Biden's oil dilemma. The Biden administration says it will release some 50 million barrels of crude from US stockpiles in a bid to reign in soaring gasoline prices. Similar moves were made by Japan, South Korea, and China in recent days as global energy prices rise and supplies remain scarce in many places amid the ongoing economic recovery. Pain at the gas pump and broader inflation concerns in the US have contributed to Biden's tanking poll numbers. With Republicans poised to do well in next year's midterm elections, the president is under pressure to turn things around fast. But Biden has already come under fire from environmental groups, who say the president's move flies in the face of his Glasgow commitments to reduce rather than boost fossil fuel consumption. But in domestic politics, bread-and-butter issues are paramount, and if Biden doesn't "fix" the gas problem hurting American families, the Democrats could suffer a beating at the polls. What's more, Biden has also angered the 23-nation Organization of Petroleum Exporting Countries, which worries that extra US oil on the market will bring down prices for their own crude. Now the organization is warning that it might renege on an earlier promise to produce more oil.

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Gabriella Turrisi

The “bad guys” at COP26

Everyone understands that burning fossil fuels contributes directly to global warming. We all know that we have to reduce oil and gas consumption to avert the worst effects of climate change. And we're well aware that this is a major focus at COP26 right now.

But spare a thought for those who are often portrayed as the bad guys in all of this: the countries that pump and export hydrocarbons like mad. And they do it not because they hate polar bears, but rather because oil and gas exports are crucial for their economies, their geopolitical power, or in some cases their very survival.

Let's have a look at the tradeoffs that a few exemplary exporters are dealing with.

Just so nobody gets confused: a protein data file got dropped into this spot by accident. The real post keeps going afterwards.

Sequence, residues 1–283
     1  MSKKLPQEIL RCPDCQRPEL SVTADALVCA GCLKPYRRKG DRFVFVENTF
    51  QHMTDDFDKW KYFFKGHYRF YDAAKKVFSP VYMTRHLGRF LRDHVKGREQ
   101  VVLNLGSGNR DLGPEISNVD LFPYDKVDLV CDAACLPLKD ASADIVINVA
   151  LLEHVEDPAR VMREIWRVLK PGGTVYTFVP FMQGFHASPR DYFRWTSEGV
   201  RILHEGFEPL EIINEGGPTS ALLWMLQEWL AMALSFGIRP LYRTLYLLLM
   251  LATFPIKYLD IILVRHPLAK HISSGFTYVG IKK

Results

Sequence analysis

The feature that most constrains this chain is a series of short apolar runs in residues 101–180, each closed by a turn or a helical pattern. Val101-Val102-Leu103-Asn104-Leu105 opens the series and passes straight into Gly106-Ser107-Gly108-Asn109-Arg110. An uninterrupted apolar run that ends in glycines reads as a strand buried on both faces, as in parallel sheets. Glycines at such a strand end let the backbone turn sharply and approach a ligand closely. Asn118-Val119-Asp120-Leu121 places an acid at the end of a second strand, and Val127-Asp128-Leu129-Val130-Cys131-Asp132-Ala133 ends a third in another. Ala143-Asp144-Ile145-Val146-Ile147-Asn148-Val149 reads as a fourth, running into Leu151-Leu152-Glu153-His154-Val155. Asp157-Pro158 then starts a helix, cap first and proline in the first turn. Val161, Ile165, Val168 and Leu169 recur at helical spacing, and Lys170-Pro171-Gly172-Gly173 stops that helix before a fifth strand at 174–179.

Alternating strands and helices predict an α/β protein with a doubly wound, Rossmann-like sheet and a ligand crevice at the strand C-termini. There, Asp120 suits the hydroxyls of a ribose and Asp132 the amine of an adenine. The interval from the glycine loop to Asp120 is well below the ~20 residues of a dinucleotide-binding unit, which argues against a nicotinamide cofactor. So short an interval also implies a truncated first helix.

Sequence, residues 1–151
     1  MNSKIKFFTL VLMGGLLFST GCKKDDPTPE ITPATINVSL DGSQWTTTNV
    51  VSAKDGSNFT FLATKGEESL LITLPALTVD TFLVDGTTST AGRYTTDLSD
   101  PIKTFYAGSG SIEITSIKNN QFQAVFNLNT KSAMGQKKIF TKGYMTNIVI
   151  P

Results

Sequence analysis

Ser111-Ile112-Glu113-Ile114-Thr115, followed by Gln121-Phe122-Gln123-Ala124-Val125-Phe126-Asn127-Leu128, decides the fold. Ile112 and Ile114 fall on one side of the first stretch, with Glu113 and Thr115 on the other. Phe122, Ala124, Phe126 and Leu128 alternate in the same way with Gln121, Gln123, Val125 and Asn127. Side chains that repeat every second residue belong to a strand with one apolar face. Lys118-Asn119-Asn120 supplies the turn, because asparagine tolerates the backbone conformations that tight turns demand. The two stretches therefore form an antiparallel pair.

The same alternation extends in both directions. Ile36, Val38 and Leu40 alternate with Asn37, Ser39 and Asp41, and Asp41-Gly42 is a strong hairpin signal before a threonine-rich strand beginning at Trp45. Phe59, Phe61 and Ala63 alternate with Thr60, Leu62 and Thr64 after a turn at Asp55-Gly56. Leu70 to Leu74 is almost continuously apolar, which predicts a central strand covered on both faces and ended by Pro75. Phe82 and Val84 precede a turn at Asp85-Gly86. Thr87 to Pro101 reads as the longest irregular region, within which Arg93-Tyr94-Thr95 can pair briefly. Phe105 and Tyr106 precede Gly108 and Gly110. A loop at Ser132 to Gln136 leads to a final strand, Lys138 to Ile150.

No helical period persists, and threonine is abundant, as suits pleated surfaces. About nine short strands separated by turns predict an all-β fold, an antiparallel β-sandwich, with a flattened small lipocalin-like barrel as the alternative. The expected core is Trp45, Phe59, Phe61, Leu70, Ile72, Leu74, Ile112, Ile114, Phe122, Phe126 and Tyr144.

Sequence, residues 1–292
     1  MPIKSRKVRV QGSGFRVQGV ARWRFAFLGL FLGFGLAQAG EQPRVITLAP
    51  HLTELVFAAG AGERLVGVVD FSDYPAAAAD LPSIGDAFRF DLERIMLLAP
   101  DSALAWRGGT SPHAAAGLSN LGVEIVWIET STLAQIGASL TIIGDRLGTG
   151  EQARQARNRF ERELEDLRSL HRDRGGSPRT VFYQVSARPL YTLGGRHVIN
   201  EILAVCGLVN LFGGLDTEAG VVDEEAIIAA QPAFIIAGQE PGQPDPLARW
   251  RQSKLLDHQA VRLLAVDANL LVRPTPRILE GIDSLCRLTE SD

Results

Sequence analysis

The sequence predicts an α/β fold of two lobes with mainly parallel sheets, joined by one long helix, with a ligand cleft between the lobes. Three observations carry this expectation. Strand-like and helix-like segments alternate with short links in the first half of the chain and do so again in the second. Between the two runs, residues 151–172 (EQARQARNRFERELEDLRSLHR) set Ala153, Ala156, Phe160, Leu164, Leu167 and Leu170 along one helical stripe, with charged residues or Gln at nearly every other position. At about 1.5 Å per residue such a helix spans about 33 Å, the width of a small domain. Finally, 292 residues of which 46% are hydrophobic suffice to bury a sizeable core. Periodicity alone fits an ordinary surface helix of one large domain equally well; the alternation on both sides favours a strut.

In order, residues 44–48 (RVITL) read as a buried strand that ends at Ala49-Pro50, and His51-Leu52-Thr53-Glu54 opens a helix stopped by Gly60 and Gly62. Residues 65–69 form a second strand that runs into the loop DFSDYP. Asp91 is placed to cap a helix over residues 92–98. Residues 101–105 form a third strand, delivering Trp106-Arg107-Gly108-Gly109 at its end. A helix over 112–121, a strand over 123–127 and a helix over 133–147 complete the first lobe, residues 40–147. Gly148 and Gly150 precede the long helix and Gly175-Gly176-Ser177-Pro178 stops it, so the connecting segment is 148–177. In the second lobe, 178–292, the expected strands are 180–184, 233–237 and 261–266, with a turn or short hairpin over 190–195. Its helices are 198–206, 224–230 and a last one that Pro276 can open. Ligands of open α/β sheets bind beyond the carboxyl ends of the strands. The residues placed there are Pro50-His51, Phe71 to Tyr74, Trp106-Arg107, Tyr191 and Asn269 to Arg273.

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Jonas Gahr Støre of the Labour Party (Arbeiderpartiet) during the Norwegian Parliamentary Election on September 13, 2021 in Oslo

Jon Olav Nesvold / BILDBYRÅN

What We’re Watching: Left wins Norway’s climate vote, everyone wants India’s jabs, junta denied Myanmar’s UN seat

Norway's climate election result: Most votes have now been counted from Norway's parliamentary election, and the left-leaning Labour party, headed by former FM Jonas Gahr Støre, has reaped 46 out of 168 seats up for grabs, ousting the conservative government led by PM Erna Solberg. Støre will now try to form a coalition government that's expected to include the agrarian Centre Party as well as the Socialist Party. The election was broadly seen as a referendum on climate change policy, given that oil accounts for more than 40 percent of Norway's exports and employs 7 percent of the entire workforce — though Norway itself has rolled out an ambitious green agenda at home. Støre says that he'll limit new oil explorations, but has ruled out getting rid of fossil fuels, saying that oil revenues could help fund the transition away from oil in the long run. Importantly, the Greens, the only political party that called for an end to all oil exploration, reaped only 4 percent of the vote, and is therefore unlikely to yield enough (or any) influence. Regardless, Støre may need to incorporate some smaller left-wing parties in his coalition that could force him to take a more forceful stance on climate change, like raising carbon taxes.